“The third wheel is what makes it a tricycle.” – Michael Scott (“The Office”)
In his first epistle in Scripture, Peter writes a lot about suffering. In his context, he’s referencing the persecution of the church, exhorting his brothers and sisters to hold fast to the truth and to press on in faith. One verse especially stood out to me this morning. Peter writes,
Therefore let those who suffer according to God’s will entrust their souls to a faithful Creator while doing good.
1 Peter 4:19
This encouragement to stand firm in the faith amidst suffering and persecution, with its call to keep doing what is right while trusting our faithful Creator, is a beautiful picture of how to apply James 1:2-4, where James calls Christians to count their trials as joy because of the work God is doing through them. I don’t ever want to prooftext a passage of Scripture. I don’t think that Peter was writing this with singles in mind. But I do believe that the truth Peter is pointing to is something that singles would do well to remember.
Singleness can feel like suffering to some. When everyone you know is happily married or newly engaged or just beginning to walk in love with another and yet you yourself still seem to be “stuck” in the same place as before, your emotional mind and heart can play devastating games. Suddenly your self-worth and self-image are called into question. Suddenly your good Father doesn’t seem so good. Suddenly your passion for His kingdom wanes before a passion for your own. Idolatry and jealousy can quickly creep into your life by this avenue. And your dating/engaged/married friends don’t always help.
These friends mean well. They invite you to hang out with them like old times, and they truly try to include you in their lives. But you may suddenly find yourself uncomfortable around them, unsure of how you should act when they show affection to each other or get into a disagreement. When once you were just part of the crew, now you feel like the odd man out. In other cases, couples may get together and invite you and other singles to hang out with them, which you’d think would help the weirdness. But then you show up and find that there are only two singles among the couples, one guy and one girl, and things jump to a new level of awkwardness as you wonder whether or not you’re being set up.
Don’t misunderstand my heart here. I love my dating/engaged/married friends, and, more often than not, I really enjoy spending time with them, even as a third wheel. But I also have to admit that they can make things really awkward for me. And if I’m already wrestling with my emotions, they may only add to the trial I’m working through.
So what is there to do? How do you successfully navigate as a single in a group of friends who have left that category? I think we need to go back to Scripture for the answer, drawing out right theology for proper practice.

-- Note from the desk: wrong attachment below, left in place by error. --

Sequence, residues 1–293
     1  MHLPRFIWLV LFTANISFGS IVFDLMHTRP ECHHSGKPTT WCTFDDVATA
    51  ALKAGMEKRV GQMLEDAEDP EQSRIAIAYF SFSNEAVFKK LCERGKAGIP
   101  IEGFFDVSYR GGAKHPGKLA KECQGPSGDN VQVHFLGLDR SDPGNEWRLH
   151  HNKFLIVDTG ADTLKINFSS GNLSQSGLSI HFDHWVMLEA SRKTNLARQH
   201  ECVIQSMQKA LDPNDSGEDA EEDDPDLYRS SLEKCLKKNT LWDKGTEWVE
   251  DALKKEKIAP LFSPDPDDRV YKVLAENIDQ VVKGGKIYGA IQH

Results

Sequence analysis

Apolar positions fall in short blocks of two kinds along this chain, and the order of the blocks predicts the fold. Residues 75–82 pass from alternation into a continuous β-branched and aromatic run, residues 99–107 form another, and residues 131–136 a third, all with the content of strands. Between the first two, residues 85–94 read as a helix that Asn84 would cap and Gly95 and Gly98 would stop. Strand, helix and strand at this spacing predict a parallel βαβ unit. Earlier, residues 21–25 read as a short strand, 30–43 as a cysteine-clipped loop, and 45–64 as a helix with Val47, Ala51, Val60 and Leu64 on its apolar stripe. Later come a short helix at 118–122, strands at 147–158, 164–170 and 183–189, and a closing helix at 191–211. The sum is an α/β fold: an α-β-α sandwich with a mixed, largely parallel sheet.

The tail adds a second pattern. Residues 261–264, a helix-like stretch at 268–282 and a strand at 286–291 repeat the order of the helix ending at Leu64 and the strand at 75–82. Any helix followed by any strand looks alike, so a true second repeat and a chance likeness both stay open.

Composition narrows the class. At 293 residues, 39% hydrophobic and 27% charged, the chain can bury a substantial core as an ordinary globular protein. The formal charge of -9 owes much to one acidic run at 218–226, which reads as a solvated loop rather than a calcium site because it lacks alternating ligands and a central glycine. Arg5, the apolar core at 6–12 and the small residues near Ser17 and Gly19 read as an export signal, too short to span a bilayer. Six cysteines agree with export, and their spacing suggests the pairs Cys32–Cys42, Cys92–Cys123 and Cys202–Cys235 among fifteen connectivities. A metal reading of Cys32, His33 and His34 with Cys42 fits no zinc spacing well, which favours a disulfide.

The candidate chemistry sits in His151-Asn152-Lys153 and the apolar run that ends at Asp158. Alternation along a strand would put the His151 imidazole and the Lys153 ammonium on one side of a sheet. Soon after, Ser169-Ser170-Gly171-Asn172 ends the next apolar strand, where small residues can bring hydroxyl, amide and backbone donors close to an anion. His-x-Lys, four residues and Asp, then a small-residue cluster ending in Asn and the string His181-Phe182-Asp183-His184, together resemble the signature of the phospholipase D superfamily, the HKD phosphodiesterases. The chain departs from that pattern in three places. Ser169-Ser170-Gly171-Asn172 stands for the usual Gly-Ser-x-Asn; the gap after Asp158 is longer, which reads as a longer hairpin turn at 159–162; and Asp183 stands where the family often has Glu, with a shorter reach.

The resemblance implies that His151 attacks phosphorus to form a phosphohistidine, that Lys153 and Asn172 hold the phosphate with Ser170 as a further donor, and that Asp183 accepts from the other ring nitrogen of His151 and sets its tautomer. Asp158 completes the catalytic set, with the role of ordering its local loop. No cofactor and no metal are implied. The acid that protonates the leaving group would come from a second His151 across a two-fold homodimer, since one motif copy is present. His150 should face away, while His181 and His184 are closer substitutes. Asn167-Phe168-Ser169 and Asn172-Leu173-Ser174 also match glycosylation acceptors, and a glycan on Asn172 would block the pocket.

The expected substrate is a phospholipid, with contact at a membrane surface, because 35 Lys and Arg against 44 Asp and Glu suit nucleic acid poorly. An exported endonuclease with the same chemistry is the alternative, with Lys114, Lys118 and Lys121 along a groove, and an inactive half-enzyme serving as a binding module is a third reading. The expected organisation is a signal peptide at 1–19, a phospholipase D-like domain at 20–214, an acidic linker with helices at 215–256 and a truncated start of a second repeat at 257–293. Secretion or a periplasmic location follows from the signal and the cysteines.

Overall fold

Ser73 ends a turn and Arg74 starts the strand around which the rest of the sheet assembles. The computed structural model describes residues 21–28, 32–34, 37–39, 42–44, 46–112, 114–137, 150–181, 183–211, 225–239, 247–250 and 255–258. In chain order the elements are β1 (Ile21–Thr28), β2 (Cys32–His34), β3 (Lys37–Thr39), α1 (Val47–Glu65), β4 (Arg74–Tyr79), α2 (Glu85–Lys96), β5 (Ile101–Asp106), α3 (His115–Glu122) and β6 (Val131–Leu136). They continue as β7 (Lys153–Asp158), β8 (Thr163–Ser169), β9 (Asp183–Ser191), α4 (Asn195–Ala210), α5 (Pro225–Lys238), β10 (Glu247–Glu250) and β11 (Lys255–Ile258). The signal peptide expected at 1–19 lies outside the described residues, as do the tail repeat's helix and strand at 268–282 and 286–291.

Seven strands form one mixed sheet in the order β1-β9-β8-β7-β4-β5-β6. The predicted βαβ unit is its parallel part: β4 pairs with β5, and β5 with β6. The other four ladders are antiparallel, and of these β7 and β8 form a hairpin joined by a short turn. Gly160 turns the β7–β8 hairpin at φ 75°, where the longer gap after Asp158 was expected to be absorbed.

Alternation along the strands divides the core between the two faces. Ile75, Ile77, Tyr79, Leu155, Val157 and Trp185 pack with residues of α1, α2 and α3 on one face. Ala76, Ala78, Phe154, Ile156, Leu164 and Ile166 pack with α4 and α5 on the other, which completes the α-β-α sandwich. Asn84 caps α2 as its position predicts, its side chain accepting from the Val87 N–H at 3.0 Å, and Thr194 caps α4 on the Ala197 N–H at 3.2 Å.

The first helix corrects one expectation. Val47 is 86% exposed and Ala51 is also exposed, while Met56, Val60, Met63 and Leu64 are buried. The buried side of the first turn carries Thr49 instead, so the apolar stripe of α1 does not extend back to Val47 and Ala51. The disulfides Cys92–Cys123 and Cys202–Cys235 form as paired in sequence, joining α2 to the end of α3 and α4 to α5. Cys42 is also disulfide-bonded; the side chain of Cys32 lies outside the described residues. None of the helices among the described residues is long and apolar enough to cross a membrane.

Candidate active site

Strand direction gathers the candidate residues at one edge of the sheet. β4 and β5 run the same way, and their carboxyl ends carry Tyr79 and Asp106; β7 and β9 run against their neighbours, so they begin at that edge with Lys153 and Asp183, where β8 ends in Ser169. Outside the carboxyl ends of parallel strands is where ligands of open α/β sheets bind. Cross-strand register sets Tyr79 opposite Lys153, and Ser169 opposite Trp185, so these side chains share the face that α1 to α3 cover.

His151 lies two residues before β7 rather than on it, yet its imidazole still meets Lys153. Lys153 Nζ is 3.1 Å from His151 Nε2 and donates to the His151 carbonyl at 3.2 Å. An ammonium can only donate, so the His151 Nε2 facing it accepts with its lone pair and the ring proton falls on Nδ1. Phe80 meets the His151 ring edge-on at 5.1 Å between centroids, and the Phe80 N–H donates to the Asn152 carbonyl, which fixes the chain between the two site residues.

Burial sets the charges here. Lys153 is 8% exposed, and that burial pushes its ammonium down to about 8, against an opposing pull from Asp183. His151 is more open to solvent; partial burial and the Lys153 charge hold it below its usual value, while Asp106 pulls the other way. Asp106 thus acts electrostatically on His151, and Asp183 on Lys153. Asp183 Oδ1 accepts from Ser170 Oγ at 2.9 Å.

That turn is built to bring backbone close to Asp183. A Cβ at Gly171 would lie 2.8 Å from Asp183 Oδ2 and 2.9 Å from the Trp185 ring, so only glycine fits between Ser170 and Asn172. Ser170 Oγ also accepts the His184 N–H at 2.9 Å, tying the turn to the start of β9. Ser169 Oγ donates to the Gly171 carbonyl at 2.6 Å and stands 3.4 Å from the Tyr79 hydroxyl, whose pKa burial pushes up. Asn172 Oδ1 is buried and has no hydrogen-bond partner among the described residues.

First, a word to singles. Remember that marriage is not the end goal. I love how Paul talks about marriage and singleness in 1 Corinthians 7. He writes,
I want you to be free from anxieties. The unmarried man is anxious about the things of the Lord, how to please the Lord. But the married man is anxious about worldly things, how to please his wife, and his interests are divided. And the unmarried or betrothed woman is anxious about the things of the Lord, how to be holy in body and spirit. But the married woman is anxious about worldly things, how to please her husband. I say this for your own benefit, not to lay any restraint upon you, but to promote good order and to secure your undivided devotion to the Lord.
1 Corinthians 7:32-35
Paul’s purpose in writing this chapter was not primarily to dissuade people from marriage, but to “secure [their] undivided devotion to the Lord.” He wants people to recognize that their first priority is to Christ. Your purpose is found in relationship to the Lord, not necessarily in relationship to a husband or wife. Many of us worry about relationships, but such worry is foolish. In talking about worry, Jesus says,
But seek first the kingdom of God and his righteousness, and all these things will be added to you.
We can trust our Father to provide what we need when we need it. If he hasn’t brought us to relationship with another at this time, we can trust that this is best. Rather than worrying about the future, trust God and devote yourself to the work he has called you to do. And, if most of your friends are dating/engaged/married, watch and learn from them. Lord willing, you’ll be better prepared if God leads you to marry because you’ve learned from the examples around you.
Now, a quick word to couples. We love you. Really, we do. And we want to learn from you. But don’t you assume that life is about marriage either. You’re still called to serve the Lord first (see 1 Corinthians 7). Don’t feel like you can’t invite us to hang out, or that we hate spending time as the third wheel, but please don’t try to set us up with another single friend of yours. Also, know that we don’t necessarily love watching you guys flirt. Rather, serve the Lord, honoring God in how you love your spouse. Let us see you seeking “the kingdom of God and his righteousness” first and foremost in your life and relationship. And don’t worry about our relationship status. God is big enough to handle that.
Ultimately, set God first, follow him, and trust him with the rest. If he isn’t leading you to marry, then rejoice in the freedom you have as a single to serve him with more time and focus than you would have in a relationship. If he leads you to marry, then marry. As Paul points out, “It is no sin” (1 Corinthians 7:36). But let him be first in your life, and let all worries fade in light of his glory and love.